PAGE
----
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Boring Tools and their Makers


 
  Swedish Braces and Bits by James E. Price 1 of 2  

Letís explore a bit
deeper into traditional woodworking tools from
a region that has been discussed in a previous post.

 

 

Todayís post focuses only on Swedish braces and bits.

Years ago I found that tools from other cultures and other times in the past felt very different in my hands and I wanted to know how well they performed at the bench.

The first thing that enters my thought process when I pick up an 18th-Century Swedish brace is how small it is compared to the braces of England and America. I have included photos of Swedish braces for your viewing and captioned each photo with relevant information about the photo subject.

All the braces in my post are typical of early Swedish types. All accepted flat-tanged bits. Four of the five braces have a typical two-part thrust-block head. All five braces have side latches that enter a hole in a bit tang to retain the bit in the chuck. All have a slanted upper arm and a lower arm approximately 90 degrees to the crank wrist.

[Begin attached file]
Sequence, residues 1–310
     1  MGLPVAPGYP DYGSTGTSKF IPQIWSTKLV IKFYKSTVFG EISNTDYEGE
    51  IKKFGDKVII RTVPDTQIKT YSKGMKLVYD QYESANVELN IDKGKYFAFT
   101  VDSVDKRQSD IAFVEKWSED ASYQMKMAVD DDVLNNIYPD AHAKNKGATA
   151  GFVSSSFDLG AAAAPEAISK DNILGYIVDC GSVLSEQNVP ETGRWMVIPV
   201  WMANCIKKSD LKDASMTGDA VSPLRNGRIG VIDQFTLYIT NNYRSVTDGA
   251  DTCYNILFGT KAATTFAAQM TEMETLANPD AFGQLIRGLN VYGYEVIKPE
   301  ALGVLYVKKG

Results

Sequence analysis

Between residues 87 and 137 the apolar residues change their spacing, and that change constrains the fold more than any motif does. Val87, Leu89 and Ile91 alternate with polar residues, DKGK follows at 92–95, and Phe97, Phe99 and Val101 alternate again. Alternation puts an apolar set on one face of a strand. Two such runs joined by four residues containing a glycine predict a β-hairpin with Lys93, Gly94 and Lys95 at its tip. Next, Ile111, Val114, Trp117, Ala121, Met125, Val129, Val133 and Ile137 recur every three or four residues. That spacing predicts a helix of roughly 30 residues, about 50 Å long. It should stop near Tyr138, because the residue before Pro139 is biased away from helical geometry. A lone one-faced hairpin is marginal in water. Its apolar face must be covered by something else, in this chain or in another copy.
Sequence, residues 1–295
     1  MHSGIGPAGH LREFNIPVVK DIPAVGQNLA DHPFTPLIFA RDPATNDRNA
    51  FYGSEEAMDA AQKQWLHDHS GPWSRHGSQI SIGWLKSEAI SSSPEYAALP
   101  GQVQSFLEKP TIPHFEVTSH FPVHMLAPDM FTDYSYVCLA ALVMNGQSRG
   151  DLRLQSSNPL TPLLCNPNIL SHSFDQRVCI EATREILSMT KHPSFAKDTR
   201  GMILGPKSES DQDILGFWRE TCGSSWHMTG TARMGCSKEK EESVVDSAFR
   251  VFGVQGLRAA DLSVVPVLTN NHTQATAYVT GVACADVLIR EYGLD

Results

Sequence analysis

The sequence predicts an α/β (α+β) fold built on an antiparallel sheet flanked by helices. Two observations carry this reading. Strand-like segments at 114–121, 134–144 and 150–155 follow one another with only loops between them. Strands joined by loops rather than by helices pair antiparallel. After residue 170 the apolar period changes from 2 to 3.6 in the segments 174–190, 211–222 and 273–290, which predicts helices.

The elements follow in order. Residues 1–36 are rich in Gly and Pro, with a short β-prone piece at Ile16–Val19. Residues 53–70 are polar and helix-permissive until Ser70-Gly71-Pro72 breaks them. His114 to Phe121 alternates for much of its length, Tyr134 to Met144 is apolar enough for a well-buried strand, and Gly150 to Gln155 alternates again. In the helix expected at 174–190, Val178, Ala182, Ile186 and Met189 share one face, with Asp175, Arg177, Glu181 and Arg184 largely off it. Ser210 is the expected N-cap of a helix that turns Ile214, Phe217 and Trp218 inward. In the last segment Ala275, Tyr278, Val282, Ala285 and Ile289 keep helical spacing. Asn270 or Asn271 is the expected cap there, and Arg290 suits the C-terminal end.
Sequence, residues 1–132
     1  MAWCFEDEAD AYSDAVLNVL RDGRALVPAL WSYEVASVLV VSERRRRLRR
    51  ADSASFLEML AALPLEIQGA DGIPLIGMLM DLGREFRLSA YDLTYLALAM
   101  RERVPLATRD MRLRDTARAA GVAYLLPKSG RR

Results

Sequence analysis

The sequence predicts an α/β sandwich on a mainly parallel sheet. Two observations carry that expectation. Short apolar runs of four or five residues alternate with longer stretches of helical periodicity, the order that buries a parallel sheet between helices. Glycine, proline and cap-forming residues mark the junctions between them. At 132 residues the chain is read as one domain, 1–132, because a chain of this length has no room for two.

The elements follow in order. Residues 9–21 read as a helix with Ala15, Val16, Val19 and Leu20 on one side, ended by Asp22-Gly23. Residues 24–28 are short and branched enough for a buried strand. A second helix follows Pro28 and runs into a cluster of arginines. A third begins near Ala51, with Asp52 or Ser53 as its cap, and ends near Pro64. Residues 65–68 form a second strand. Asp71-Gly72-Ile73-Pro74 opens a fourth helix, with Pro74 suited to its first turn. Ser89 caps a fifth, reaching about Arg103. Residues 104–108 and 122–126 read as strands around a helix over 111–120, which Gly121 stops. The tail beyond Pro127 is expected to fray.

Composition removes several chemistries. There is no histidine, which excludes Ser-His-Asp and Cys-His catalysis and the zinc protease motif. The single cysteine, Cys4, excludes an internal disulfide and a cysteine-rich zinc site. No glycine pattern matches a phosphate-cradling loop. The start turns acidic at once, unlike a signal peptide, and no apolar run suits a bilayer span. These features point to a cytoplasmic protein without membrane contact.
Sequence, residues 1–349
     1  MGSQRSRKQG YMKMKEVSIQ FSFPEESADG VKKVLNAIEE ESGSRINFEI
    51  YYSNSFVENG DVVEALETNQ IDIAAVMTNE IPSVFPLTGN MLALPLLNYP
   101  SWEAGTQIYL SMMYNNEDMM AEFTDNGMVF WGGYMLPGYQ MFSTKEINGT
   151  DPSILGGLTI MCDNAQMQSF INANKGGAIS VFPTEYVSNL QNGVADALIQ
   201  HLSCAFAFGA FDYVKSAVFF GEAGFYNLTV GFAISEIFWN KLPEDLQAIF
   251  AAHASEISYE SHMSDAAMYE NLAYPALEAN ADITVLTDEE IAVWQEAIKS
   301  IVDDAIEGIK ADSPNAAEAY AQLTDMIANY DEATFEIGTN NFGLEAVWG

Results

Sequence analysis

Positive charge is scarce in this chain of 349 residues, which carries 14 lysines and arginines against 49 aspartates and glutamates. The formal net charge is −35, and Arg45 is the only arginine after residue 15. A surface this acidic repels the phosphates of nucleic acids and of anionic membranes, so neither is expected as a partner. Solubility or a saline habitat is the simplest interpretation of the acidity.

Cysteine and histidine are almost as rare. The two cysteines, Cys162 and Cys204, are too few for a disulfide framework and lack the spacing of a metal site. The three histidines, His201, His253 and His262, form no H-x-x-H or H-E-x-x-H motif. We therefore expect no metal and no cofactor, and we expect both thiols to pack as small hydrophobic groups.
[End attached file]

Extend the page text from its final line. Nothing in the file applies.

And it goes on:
These are typical Swedish braces from the 18th and 19th Centuries.
The one on the left is slightly less than a foot tall and the one on the
right is 8 inches tall. The bits are of a spoon type and are
retained on a spring ring.

This brace has a thrust-block head. Keep in mind that the bottom piece
of wood is firmly affixed to the iron and only the top piece rotates.

This is another brace with a thrust-block head.

Another brace with a thrust-block head. The bits on the ring fit this
brace and no other one in this group of braces.

This is yet another brace with a thrust block head.


 
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1 of 2  
 

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